Tribal Bra and Belt: The Bra
After reinforcing the cups, I obtained a pattern from the stretched band, made two mirrored versions of it in calico, edged each with gross-grain ribbon (again, for extra strength and resistance to stretching) and covered them in the crushed velvet. I then anchored the straps, created as stated before, crossed over the back, to each of the “peaks” in these new pieces. I left the standard bra band in place, now with the insertion points for the old straps attached to the anchoring points for the new ones, and added hook and eyes on both ends of these new rigid pieces, so they interlock and flatten. The bra is then supported in place by the crossed straps, the original bra band and the new calico semi-rigid band, which not only supports any wayward “extra” flesh that wanted to move out of place, but also makes this incredibly strong: once you put it on, it WILL STAY THERE! And since the old bra band is sewn to the old one, it won’t curl and show underneath or above the fashion fabric one.All I thought was left after that was adding decoration. For this I chose a gold and burgundy jacquard sari ribbon, shisha mirrors and some silver-plated flower findings that I had leftover from a jewellery project, which turned out to look really nice when sewn onto the black velvet. I used a fine needle and extra strong thread to avoid problems. I finished it all off with four sets of chains to add some movement around the cups, and a kuchi piece with dangling chains that adds a bit more interest and movement. Sadly, as this was my first ever piece of costume, I learnt a LOT: I learned that you cannot push a needle through foam cups and 3 layers of fabric plus adornments without damaging your nails very badly, for instance, but it wasn’t until I’d done the 3rd bra project that I finally found suitable tools, so for quite a long while after this, and the black costume, I had to wear my nails very short. This one also started the current trend with my costumes, which state that a costume isn’t finished until I’ve somehow managed to make myself bleed. And boy did I bled *sobs*.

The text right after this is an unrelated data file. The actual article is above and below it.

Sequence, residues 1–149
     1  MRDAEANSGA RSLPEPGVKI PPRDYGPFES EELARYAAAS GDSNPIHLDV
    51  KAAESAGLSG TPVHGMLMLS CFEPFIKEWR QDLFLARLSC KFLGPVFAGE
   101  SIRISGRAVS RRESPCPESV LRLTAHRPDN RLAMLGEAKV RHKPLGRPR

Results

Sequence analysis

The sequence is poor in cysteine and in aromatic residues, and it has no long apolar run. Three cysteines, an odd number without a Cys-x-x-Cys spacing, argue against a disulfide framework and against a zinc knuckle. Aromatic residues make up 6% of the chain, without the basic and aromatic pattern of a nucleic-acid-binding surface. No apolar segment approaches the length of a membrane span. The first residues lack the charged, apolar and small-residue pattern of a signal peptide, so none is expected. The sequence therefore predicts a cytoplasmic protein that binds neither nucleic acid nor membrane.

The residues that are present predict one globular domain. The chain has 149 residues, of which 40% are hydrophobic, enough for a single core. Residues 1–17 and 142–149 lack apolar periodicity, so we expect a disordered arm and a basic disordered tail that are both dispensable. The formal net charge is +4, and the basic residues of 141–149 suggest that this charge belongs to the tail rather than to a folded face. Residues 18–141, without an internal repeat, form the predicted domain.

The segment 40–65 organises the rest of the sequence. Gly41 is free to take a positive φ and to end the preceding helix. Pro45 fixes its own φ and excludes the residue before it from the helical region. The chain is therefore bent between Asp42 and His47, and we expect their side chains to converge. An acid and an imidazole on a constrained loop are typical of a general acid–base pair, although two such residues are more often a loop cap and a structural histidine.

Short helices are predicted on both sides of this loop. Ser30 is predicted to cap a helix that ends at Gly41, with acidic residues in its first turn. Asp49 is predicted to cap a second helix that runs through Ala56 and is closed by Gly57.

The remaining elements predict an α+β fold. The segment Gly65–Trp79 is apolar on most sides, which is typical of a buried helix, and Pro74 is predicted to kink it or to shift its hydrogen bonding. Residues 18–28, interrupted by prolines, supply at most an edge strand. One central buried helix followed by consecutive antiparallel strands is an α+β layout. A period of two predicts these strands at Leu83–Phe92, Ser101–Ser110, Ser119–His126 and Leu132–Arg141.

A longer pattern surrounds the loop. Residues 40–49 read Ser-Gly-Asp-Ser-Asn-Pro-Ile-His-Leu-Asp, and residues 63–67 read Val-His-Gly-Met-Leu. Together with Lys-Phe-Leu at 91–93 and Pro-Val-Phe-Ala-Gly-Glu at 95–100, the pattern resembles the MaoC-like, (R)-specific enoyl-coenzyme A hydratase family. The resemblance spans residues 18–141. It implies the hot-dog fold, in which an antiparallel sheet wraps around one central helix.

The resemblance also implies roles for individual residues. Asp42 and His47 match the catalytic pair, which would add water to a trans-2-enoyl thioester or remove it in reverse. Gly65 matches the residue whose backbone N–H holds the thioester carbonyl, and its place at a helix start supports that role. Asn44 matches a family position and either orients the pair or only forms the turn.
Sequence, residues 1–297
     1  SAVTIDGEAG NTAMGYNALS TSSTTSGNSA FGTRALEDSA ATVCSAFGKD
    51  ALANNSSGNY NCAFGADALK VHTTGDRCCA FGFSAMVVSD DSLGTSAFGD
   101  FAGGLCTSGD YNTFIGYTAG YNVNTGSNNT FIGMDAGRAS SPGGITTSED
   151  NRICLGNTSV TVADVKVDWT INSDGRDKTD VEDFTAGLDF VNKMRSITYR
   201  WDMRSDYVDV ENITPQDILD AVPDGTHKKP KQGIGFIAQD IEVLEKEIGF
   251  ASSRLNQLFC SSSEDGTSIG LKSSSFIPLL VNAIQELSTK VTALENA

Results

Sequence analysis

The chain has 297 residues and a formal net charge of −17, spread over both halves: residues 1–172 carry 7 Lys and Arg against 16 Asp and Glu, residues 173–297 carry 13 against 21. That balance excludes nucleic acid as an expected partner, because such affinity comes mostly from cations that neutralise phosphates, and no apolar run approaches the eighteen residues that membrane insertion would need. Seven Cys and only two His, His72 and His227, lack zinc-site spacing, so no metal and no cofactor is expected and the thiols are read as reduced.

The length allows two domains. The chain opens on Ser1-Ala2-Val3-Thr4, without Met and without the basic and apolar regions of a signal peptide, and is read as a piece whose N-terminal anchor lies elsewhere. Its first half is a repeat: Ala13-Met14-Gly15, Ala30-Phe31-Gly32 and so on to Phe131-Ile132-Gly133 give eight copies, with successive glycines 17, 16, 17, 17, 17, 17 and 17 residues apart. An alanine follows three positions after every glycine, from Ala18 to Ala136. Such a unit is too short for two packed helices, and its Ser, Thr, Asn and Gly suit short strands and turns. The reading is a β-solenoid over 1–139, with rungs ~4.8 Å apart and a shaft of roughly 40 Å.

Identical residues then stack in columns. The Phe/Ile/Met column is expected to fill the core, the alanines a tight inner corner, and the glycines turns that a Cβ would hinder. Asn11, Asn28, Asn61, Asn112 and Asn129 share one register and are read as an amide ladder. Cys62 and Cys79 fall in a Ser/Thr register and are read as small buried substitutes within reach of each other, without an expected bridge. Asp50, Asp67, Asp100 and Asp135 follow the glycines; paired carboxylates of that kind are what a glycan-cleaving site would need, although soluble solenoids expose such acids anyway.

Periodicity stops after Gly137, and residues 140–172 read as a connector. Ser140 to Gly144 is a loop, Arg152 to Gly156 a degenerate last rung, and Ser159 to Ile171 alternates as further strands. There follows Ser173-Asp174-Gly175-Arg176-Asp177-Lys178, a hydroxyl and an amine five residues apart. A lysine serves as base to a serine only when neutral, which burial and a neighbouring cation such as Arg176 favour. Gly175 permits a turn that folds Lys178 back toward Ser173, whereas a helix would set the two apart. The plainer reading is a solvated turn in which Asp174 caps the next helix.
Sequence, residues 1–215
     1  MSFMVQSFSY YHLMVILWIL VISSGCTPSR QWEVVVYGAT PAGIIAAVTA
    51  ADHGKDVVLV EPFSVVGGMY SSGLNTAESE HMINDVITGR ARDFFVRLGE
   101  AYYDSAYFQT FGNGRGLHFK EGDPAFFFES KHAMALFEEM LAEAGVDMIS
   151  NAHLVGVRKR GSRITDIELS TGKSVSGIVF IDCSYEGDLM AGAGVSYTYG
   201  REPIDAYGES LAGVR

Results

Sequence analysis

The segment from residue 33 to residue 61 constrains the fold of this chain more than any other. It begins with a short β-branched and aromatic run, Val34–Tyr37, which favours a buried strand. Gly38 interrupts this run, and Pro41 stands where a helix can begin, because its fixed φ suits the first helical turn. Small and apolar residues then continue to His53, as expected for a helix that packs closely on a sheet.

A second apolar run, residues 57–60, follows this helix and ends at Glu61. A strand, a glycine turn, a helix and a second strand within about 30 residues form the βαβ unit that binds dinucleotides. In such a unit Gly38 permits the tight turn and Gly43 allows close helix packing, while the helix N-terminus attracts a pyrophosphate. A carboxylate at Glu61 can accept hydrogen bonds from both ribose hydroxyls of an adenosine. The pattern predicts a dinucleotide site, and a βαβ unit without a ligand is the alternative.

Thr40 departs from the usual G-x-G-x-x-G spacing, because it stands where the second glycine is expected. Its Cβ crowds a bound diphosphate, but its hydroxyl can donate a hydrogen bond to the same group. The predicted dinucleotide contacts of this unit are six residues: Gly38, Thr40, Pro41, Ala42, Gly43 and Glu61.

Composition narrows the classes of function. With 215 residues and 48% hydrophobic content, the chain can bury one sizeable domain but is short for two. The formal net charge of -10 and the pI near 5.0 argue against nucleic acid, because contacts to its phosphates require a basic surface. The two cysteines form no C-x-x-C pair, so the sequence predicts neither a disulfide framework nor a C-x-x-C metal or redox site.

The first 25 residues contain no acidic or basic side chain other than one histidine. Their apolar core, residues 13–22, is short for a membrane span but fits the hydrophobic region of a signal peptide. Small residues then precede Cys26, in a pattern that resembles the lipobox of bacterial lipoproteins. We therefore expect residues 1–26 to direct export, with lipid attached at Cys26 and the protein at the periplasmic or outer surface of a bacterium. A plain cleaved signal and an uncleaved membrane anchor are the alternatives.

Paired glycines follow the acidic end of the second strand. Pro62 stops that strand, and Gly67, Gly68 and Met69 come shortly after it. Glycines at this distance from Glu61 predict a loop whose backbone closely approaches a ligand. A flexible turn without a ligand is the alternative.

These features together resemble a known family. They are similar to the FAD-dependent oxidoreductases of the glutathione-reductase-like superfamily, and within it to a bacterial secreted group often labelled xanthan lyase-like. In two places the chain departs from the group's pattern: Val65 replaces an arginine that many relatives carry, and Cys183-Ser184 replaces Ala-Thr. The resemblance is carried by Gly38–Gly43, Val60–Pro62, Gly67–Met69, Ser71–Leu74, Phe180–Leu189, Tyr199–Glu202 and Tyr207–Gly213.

Later on, after thinking I’d finished and worked on the piece overlaying the bra, I also added an extra piece in between the cups, as I decided I wanted a smoother line under the cups. And soon I will change the hooks and eyes for hooks and slides, which are far easier to take on or off, and stronger. The other interesting thing of note for this whole costume is that absolutely everything, except for the calico fabric used for support, was purchased online, most of it via Ebay. The bra was part of a dual-pack from Naturally close (the second bra went into the black and silver Fustan Raqs), the kuchi piece came from Sirik Tribal, the fashion fabric and jacquard came from Cheap Fabrics UK, and the rest of the decorations were obtained via Ebay. Nowadays I would re-think the position or even use of the chains.The method does work well, however, and the result was quite a nice bra that supports and enhances my bust very naturally. Possible variations include removing the bra band altogether and changing it for the ever popular rings with ribbons tied through them, or even possibly leaving the rigid side bands up to a certain point (maybe one third of the back) then add the rings there. This particular bra was created for a ghawazee/bra/belt ensemble or gypsy top/bra/belt (as shown in the Tribal Outfit post), so the back needed to be very flat to avoid showing too much through the top layer. I’m also very tempted to replace the central kuchi piece with a similar piece with burgundy and black enamel, and longer chains, and rearranging the chains to drape along the bottom instead of dragging downwards, but this is something that I will have to re-think at the time I re-think the chains on the matching belt (upcoming making-of post, really!).